{readResults : {readResults},
{writeResults : {writeResults}}
write() examples
write(conditions : {}, reads : {},
writes : {val(k1) := x})
write(conditions : {ver(k1) == v}, reads : {},
writes : {val(k1) := x})
write(conditions : {ctr(c1) < 10},
reads : {map(m2, mk3).val},
writes : {ctr (c1)++})
4. FTSMs
User and Apollo system code as state machines
▪
Owned by the shard
▪
Persistently stored
▪
Tolerant to node failure &
partition
FTSM usage
Load balancing, data migration
Shard creation/destruction
Coordinating cross-shard transactions
Persistent notification registry; pub/sub
How they operate
State machines can have external side-effects
▪
Send RPC requests to remote machines
▪
External callbacks
Persistent state changes are submitted through
replication
Putting it together
Putting it together
1.
Write the hard thing once
2.
Use it everywhere for everything
3.
Loosely coupled system
4.
Store directory/metadata same way as user
data. Recursive properties
Finding shards
Values (binary value, maps, etc.) indexed by key
partition id:parent key:local key:type
k1 := (pid1:pkey1:lkey1:t1)
k2 := (pid1:pkey1:lkey2:t2)
=> shard(k1) == shard(k2)
Finding shards
G shard
P shard 2
U shard:
[2:, 2:∞)
P shard 1
U shard: [1:,
1:ggg]
U shard:
(1:ggg,
1:qwx]
U shard:
(1:qwx, 1:∞)
Using shards
Multiple shards must sometimes be visible to a
client
P
shard
U shard
Shards atomically know whether or not they own a
given range: simple client cache invalidation
Using shards
Directory shards (global, partition) also think they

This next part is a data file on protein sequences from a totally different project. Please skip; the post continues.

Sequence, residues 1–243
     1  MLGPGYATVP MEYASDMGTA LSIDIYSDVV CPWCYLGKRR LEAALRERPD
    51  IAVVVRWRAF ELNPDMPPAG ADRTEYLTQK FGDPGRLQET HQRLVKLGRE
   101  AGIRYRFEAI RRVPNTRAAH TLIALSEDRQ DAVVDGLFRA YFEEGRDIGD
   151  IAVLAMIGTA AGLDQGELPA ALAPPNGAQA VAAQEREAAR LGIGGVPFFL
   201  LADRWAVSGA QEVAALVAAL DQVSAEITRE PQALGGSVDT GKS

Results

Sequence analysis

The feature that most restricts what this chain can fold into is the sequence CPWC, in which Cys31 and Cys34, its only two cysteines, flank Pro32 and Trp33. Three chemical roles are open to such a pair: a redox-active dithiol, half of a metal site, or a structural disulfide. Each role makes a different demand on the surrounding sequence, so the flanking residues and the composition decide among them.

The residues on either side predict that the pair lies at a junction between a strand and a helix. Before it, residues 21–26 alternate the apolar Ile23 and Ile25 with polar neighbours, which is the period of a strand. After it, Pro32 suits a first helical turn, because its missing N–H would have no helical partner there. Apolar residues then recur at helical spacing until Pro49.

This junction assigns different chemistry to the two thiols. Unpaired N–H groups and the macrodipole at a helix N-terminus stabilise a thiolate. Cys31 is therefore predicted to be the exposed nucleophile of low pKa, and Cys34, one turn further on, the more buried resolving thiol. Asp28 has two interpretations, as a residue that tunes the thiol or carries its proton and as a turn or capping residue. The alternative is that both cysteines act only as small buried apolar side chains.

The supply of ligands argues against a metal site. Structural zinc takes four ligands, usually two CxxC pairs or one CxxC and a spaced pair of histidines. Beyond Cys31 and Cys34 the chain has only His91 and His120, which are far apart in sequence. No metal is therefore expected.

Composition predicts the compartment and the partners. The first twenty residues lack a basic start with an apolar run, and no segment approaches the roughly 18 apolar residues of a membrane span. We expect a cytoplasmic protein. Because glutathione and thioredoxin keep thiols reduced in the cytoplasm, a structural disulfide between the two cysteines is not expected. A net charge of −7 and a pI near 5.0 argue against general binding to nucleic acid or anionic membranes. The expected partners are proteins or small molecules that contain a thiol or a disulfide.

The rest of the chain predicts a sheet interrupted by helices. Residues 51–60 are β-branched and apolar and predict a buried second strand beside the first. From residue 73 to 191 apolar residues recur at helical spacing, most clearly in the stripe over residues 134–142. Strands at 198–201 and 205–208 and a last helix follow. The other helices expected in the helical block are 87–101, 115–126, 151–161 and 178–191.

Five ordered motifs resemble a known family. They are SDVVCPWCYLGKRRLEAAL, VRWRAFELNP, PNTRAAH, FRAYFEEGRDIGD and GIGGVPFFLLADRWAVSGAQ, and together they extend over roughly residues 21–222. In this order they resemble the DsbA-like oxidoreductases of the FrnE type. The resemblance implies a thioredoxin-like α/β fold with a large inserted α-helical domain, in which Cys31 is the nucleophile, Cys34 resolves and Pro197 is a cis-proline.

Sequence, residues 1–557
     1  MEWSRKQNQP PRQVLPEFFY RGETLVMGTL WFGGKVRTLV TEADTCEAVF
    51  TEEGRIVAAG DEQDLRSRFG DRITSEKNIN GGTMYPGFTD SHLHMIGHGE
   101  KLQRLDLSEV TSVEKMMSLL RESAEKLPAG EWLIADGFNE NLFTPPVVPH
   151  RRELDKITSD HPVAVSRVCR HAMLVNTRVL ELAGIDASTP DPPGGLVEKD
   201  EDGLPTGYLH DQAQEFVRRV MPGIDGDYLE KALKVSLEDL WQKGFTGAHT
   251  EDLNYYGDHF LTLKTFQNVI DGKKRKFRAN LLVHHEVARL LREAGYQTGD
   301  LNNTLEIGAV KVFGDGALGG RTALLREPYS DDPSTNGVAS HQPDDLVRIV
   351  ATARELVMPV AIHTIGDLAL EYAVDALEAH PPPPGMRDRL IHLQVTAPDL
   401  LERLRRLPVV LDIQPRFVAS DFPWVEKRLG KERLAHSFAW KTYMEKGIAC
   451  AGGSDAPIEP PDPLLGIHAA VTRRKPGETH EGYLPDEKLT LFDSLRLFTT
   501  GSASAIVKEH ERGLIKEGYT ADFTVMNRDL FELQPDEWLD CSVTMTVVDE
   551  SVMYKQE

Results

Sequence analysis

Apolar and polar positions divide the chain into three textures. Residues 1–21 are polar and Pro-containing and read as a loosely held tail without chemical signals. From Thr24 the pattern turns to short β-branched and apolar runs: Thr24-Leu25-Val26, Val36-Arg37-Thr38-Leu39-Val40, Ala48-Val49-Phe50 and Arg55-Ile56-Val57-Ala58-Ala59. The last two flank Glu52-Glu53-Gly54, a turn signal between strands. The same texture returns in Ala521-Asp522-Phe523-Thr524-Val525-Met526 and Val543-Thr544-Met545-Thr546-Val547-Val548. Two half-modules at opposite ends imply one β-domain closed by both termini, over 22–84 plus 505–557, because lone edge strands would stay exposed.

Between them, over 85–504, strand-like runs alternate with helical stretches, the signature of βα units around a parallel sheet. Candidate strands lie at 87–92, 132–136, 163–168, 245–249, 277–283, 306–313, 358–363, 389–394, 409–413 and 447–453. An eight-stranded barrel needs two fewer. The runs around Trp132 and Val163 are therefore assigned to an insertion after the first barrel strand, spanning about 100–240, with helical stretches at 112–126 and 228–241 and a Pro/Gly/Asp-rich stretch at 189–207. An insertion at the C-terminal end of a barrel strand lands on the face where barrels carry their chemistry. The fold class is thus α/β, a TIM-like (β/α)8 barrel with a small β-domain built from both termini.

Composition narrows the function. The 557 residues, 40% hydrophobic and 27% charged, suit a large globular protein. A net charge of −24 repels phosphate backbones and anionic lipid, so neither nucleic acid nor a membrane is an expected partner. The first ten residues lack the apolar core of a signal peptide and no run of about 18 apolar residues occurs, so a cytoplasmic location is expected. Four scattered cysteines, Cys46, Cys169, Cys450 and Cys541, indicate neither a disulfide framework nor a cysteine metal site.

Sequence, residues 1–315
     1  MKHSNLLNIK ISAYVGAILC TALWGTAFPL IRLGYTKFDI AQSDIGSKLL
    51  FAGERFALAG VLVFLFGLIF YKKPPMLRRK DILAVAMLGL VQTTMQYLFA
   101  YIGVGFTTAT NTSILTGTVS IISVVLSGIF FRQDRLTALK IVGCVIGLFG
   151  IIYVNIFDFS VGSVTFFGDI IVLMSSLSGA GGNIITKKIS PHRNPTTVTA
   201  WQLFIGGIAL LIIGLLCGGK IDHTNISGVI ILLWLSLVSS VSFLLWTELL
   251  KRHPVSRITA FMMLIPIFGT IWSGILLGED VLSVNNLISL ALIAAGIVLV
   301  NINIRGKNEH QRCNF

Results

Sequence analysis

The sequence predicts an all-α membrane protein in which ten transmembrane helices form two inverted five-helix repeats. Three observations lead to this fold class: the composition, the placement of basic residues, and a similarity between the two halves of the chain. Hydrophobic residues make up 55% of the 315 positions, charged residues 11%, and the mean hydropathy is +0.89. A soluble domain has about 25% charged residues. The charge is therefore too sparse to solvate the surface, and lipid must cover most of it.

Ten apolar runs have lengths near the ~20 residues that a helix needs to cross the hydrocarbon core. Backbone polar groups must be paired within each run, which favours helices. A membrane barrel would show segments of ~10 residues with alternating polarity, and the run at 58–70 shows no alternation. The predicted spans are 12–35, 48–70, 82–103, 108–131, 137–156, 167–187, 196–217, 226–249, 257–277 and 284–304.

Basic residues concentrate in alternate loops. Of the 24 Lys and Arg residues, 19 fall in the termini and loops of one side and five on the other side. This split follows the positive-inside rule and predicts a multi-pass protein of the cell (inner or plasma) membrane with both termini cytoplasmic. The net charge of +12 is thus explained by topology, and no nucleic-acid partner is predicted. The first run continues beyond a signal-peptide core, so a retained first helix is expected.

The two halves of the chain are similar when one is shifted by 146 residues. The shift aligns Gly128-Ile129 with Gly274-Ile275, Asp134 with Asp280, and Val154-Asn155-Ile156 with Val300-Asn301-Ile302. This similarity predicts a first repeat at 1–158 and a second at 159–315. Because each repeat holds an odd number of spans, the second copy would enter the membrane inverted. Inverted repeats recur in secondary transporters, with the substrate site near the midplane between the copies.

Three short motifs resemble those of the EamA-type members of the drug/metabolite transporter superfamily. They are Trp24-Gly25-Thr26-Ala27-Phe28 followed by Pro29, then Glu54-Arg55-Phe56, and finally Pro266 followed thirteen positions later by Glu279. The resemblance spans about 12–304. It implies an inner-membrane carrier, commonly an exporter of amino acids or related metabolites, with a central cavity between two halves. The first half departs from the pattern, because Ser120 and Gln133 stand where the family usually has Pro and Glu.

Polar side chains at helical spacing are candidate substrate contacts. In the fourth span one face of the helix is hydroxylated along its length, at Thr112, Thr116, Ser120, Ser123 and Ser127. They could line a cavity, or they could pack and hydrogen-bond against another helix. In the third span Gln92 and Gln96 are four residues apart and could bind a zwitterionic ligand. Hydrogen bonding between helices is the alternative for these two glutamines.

know where things are?
Multiple sources of truth? BAD
TXNs to move data
P
shard
P
shard
U shard
U shard A
U shard B
Moving shards
Migrate quorum
Easy, completes at leisure. Hot shards remain
hot!
A: {srv1, srv2, srv3}: [0:“”, 0:”foo”)
=>
A: {srv3, srv4, srv5}: [0:“”, 0:”foo”)
Migration: moving user data
Split ownership in-place, migrate quorum
Restrictive, but greatest availability!
A: {srv1, srv2, srv3}: [0:“”, 0:∞)
=>
A: {srv1, srv2, srv3}: [0:“”, 0:”foo”) B: {srv1, srv2, srv3}:
[0:”foo”, 0:∞)
Migration: moving user data
Move ownership to new/existing shard
Complicated! Availability issues!
A: {srv1, srv2, srv3}: [0:“”, 0:∞)
=>
A: {srv1, srv2, srv3}: [0:“”, 0:”foo”) B: {srv4, srv5, srv6}:
[0:”foo”, 0:∞)
Cross-shard behavior
Hierarchical Paxos (strong)
RAMP transactions (weak)
CRDTs: commutative/convergent replicated data types
▪
Simplest example: distributed counters
▪
Mirrored between shards
▪
Sets, graphs, etc. possible but restricted.
Exploring Apollo at FB
Reliable in-memory DB
Raft WAL, RocksDB on Linux tmpfs
Raft protocol originally developed for this case
(Stanford RAMCloud)
Reliable in-memory DB
Replace some memcache(d) usecases
Atomic transaction support
TACO: in-memory TAO (Facebook graph DB
system)
▪
Much higher write throughput
▪
1-30 day retention vs. indefinite retention
Reliable queues
Outgoing Facebook messages for mobile (iOS,
Android) and carriers (SMS)
▪
Resident size small
▪
High throughput
▪
Requires 10-100s of GB backup in case of drain
problems
User graph data migrations and operations
Faster analytics
Offline processing of graph data
▪
Bucketing
▪
Transformations
High-throughput page/click analytics
▪
Often queue-like
▪
Bucket based on time
Questions?
[email protected]